anonymous
  • anonymous
When a particle is located a distance x meters from the origin, a force of 2cos(pix/6) newtons acts on it. How much work W is done in moving the particle from x = 1 to x = 5?
Mathematics
  • Stacey Warren - Expert brainly.com
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SOLVED
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katieb
  • katieb
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anonymous
  • anonymous
Is this calculus based physics?
anonymous
  • anonymous
I will assume that this is a calculus based physics question. W = F * D Here the force is variable, so: integral 2cos(pix/6) dx from lower limit 1 to upper limit 5.
anonymous
  • anonymous
right, i got stumped because of the negative force. what does that mean? doesnt force have to be positive

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anonymous
  • anonymous
whats the positive and negative direction here?
anonymous
  • anonymous
A force can always work against a system in which you ascribe a vector to be positive.
anonymous
  • anonymous
Does that make sense?
anonymous
  • anonymous
so what is positive and what is negative
anonymous
  • anonymous
can you make an example
anonymous
  • anonymous
The most simple example would probably be gravity.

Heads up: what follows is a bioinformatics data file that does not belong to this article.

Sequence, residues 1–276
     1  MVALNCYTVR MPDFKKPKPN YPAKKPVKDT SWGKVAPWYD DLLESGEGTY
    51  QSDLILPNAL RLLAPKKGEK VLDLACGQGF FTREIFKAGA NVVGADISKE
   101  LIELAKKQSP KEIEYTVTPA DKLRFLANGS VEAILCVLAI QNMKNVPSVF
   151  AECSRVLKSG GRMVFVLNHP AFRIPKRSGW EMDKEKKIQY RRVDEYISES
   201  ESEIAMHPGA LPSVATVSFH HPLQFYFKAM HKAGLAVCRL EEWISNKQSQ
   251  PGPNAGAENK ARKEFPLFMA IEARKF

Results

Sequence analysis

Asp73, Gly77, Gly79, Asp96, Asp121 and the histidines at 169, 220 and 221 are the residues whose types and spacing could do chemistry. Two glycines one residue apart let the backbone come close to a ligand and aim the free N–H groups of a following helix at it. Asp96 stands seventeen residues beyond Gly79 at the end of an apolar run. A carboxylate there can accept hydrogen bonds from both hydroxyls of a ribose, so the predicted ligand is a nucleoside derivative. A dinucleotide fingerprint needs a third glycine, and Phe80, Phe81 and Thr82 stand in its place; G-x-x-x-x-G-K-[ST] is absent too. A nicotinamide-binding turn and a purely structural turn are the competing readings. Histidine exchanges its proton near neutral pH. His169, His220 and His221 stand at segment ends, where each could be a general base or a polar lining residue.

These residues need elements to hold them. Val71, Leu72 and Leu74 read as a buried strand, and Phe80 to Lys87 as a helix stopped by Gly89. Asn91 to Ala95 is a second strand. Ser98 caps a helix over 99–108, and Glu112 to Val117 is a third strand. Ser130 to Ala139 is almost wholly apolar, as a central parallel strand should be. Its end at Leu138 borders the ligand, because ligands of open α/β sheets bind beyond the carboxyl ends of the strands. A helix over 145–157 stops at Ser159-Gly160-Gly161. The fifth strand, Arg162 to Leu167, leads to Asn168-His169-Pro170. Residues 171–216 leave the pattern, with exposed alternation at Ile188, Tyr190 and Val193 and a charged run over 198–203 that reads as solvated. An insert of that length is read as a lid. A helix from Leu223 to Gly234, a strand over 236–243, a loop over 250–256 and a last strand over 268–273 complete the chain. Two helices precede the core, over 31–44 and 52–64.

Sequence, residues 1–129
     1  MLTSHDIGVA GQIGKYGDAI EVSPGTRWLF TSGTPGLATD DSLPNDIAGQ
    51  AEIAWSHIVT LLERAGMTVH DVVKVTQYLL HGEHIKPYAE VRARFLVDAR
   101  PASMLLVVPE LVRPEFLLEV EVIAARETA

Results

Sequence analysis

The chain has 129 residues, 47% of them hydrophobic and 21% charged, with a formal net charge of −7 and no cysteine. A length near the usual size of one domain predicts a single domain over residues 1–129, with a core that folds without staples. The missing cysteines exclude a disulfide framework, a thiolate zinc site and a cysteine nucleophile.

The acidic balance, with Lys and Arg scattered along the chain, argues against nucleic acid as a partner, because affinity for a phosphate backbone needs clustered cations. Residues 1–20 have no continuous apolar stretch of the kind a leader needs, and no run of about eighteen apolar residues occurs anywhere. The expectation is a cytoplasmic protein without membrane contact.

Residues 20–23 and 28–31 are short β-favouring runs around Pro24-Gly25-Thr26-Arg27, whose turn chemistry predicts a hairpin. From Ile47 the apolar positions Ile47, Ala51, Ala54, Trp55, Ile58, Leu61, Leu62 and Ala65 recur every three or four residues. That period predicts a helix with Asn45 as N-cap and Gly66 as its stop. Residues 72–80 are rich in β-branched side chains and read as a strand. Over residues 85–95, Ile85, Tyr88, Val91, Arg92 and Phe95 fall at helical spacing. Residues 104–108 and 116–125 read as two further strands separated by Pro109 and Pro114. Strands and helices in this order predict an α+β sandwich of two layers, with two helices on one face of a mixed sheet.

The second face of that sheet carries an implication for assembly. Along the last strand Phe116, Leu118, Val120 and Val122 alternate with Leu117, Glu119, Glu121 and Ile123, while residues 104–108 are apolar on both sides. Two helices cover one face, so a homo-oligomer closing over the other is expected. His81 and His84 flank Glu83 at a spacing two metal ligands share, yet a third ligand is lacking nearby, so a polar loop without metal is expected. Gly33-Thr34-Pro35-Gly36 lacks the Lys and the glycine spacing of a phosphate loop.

anonymous
  • anonymous
Don't let semantics play with your mind, you can designate whichever direction you choose as postive or negative.
anonymous
  • anonymous
so a particle along the x axis , or x meters from the origin experiences a force 2cos (pix/6). what direction is positive and what is negative. it can be up or down?
anonymous
  • anonymous
*cos
anonymous
  • anonymous
but positive and negative are like east /west or north south, right?
anonymous
  • anonymous
yes
anonymous
  • anonymous
graph the function that you have, look at interval x=1 to x=5 and you'll understand how you can have a negative force here.
anonymous
  • anonymous
yes it oscillates
anonymous
  • anonymous
you are finding the area under that curve, and there is more area under the x-axis than above.
anonymous
  • anonymous
right its symmetric and adds up to zero
anonymous
  • anonymous
yes, sorry, you're right it's zero, I was just trying to explain how it could be negative. does it make sense now? sometimes, it's really helpful to look at a graph.
anonymous
  • anonymous
a force is just a vector, it can be negative, because it has magnitude & direction*
anonymous
  • anonymous
ok thanks, can i ask a quick question
anonymous
  • anonymous
i just want to reiterate whats going on
anonymous
  • anonymous
crap my browser froze

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